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Products from crude oil

What you need to know

Reflections and Exam tips

 

Products from crude oil

Cracking

In order to meet the high demand for useful fractions such as petrol, longer (low demand/ high supply) hydrocarbon chains are broken down using heat (800°C) and a catalyst, into these shorter chained hydrocarbons. This is a thermal decomposition reaction (breaking down substance using heat).

Cracking produces an alkane and alkene from cracking a large alkane hydrocarbon. For example,    Decane -->  Octane + Ethene

Alkanes versus alkenes

  1. All have 4 bonds per carbon
  2. Alkanes = single bonds (saturated hydrocarbon)
  3. Alkenes = at least one double bond (unsaturated hydrocarbon)

Due to the presence of the double C=C bond (unsaturated), alkenes are more reactive. To test for unsaturated C=C bond, bromine water is used which changes from orange/yellow to a clear and colourless solution (decolurised).

Polymerisation

Making large polymer chains (many units) from many small monomers (single unit) bonded together.
Requires a double bond to work
Monomer units like ethene are heated with a catalyst. The double bond is broken and turned into a single bond during the process and the monomers join up to form a polymer, polyethene.

New types of polymers

New types of polymers have been developed that changes in response to its environment called smart polymers.

Shape memory polymers

These are used to stitch a wound loosely, and heat from your body temperature causes the polymer to tighten and close the wound. The polymers are designed to dissolve to reduce the need to get the stitch removed.

Light-sensitive plasters

The polymer in the plaster reacts when exposed to light so that it becomes less sticky and therefore easier to remove from the skin and hairs.

Hydrogels

Hydrogels contain polymer that absorbs water. These polymers are used in disposable nappies, water crystals for plants and hair gel.

Plastic waste

Plastics are made from crude oil, which is running out (finite).

Disadvantages of plastic disposal methods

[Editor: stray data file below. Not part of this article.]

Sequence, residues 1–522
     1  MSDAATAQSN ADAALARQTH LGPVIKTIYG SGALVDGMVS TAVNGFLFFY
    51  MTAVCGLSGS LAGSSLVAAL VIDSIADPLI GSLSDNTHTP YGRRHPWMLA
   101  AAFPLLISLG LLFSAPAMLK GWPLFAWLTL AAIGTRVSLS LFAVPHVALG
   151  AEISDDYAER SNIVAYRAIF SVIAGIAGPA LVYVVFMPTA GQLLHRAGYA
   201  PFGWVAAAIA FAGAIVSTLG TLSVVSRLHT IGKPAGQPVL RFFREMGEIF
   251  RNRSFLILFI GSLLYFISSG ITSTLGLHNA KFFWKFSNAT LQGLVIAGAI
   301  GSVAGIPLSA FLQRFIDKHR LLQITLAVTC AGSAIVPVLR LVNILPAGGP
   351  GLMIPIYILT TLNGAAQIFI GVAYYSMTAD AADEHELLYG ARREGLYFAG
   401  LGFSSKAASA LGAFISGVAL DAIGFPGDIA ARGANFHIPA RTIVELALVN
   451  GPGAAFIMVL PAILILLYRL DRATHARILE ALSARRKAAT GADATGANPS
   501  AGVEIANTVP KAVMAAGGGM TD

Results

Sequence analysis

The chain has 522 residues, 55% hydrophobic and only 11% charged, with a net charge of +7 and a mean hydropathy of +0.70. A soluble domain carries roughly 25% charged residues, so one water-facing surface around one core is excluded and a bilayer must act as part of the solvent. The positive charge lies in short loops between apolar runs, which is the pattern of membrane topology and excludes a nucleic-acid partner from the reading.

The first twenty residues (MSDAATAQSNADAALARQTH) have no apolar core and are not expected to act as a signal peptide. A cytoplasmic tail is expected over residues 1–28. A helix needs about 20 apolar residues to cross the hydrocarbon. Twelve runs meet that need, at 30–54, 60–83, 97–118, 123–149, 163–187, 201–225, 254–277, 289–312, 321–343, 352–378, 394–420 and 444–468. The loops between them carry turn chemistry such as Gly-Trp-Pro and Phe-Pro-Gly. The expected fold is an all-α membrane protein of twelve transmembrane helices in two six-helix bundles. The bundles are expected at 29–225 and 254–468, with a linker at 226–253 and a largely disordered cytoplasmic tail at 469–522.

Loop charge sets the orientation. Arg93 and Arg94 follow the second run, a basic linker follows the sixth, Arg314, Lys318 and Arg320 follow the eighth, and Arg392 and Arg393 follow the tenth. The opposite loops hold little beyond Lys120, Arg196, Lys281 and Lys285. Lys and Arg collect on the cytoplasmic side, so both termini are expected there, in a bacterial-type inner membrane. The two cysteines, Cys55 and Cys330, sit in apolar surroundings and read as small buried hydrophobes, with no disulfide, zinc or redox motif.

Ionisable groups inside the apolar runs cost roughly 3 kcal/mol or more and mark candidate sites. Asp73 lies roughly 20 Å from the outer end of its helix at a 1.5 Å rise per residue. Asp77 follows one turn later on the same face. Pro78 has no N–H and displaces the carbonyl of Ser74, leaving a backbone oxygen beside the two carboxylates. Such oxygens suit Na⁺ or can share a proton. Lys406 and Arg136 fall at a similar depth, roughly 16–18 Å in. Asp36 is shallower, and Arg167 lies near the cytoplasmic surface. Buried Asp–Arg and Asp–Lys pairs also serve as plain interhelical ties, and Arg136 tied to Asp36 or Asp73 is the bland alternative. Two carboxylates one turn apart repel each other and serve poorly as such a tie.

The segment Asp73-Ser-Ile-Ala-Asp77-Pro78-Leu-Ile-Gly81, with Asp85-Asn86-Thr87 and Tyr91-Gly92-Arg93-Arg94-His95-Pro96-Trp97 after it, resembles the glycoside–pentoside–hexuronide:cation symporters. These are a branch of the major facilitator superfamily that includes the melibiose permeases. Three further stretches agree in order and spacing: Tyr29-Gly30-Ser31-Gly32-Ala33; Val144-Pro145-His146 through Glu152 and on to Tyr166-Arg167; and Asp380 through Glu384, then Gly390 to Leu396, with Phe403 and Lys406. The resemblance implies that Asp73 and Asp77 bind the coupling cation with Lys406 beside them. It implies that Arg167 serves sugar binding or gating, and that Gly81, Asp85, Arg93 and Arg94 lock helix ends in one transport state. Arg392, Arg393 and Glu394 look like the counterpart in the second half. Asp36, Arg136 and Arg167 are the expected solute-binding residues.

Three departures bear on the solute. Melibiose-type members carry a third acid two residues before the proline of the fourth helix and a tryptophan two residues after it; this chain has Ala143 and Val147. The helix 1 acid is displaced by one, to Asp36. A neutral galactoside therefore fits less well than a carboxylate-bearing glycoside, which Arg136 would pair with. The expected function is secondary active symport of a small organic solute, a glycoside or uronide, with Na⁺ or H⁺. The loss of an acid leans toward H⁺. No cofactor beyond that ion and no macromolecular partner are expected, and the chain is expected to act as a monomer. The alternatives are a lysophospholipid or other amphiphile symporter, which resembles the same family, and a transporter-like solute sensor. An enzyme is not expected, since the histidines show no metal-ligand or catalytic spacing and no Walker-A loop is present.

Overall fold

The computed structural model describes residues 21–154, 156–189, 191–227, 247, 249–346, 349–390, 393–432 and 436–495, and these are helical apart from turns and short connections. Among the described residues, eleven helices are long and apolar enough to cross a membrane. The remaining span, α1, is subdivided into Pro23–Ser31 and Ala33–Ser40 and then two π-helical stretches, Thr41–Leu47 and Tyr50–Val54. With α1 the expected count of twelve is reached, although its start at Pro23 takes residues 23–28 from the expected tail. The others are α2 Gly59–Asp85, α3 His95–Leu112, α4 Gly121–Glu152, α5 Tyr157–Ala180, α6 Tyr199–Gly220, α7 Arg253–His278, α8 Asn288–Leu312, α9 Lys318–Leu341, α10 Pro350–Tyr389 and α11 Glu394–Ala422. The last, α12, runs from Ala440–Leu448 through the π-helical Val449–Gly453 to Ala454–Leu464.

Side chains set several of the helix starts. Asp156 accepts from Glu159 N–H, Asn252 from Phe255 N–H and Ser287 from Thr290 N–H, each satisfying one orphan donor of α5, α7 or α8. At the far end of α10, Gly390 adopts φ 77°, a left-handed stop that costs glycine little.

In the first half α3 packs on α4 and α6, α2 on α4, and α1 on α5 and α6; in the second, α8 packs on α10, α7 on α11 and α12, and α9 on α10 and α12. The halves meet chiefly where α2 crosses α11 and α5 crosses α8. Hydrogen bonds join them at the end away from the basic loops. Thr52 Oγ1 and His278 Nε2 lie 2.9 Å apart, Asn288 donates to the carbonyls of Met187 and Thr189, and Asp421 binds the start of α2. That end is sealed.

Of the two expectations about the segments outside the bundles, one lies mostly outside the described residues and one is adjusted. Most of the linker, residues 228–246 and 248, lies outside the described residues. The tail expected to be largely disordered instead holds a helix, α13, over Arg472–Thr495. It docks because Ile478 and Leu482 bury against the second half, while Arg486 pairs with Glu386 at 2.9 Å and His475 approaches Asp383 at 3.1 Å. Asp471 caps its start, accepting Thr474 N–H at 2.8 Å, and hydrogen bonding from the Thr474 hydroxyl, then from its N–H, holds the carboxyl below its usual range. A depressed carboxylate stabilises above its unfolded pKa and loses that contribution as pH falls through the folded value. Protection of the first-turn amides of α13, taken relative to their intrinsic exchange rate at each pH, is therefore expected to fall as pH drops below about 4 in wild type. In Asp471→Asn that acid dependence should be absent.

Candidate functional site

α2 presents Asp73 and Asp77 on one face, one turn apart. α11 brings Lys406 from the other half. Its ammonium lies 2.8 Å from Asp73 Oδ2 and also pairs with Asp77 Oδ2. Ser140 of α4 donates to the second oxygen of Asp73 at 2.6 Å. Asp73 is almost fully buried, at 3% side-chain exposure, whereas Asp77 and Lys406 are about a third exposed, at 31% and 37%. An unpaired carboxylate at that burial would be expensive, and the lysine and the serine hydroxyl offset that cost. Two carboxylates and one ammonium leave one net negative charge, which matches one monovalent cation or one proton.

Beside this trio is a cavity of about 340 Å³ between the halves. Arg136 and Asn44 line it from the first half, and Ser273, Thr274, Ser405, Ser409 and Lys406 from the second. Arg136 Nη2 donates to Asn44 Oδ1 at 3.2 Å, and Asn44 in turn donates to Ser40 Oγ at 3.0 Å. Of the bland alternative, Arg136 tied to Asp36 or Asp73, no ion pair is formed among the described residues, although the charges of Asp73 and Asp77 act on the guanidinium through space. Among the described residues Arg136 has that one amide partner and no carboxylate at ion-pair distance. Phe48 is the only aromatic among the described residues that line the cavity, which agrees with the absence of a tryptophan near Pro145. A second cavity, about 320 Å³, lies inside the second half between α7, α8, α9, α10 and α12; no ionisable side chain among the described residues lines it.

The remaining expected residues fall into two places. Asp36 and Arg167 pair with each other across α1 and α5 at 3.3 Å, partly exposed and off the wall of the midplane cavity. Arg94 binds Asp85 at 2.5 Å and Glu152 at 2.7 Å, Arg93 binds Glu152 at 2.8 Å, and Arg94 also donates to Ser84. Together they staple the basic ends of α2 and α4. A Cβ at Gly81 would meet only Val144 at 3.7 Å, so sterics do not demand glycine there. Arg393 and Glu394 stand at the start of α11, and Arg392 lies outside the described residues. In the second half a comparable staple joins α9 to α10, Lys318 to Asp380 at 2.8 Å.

Landfill

Large areas for landfill sites are needed and they are running out.

Many plastics are non-biodegradable (doesn’t break down in the environment).

Burning/incineration

Releases toxic chemicals into atmosphere.

Volume of waste is reduced but the ash produced can be toxic.

Recycling

High fuel costs due to transportation as well production of greenhouse gases which can cause global warming.

High cost involved in sorting plastics before they are recycled.

Some plastics cannot be recycled.

Bio-plastics:

These are generally a mix of traditional oil based  plastic and plant based (usually corn starch) plastic.  Plastic is strong and biodegradable. This helps preserve oil supplies which is the raw material for plastics. However, as they are crop based problems such as the amount of crops grown for food decreases which can cause food prices to skyrocket. Furthermore, some bioplastics will only break down when exposed to light and not underground.

Ethanol

Ethanol can be produced from ethene or fermentation of plant materials.

Fermentation Hydration

Biological (made from plants) and renewable

Fermented from any sugary source (e.g. sugar cane), using  yeast enzymes.

Temperature not higher than 40 °C.

Simple technology used.

Yield is limited as the yeast is poisoned by the ethanol.

Ethanol is impure.

Batch process (slow process).

CO2 produced (Greenhouse gas)

Chemical (ethene) resource is non renewable.

Large hydrocarbons are cracked to make ethene, steam added (water), with a catalyst.

Temperature of about 300°C.

Higher technology required.

Produces higher yields of ethanol.

Ethanol is pure.

Continuous process (faster).

100% atom economy

 


Describe how useful substances can be obtained from crude oil

Describe the process of polymerisation

Ethanol can be produced in two different ways:
1) from alkenes
2) fermentation by yeast
Discuss the advantages and disadvantages of each method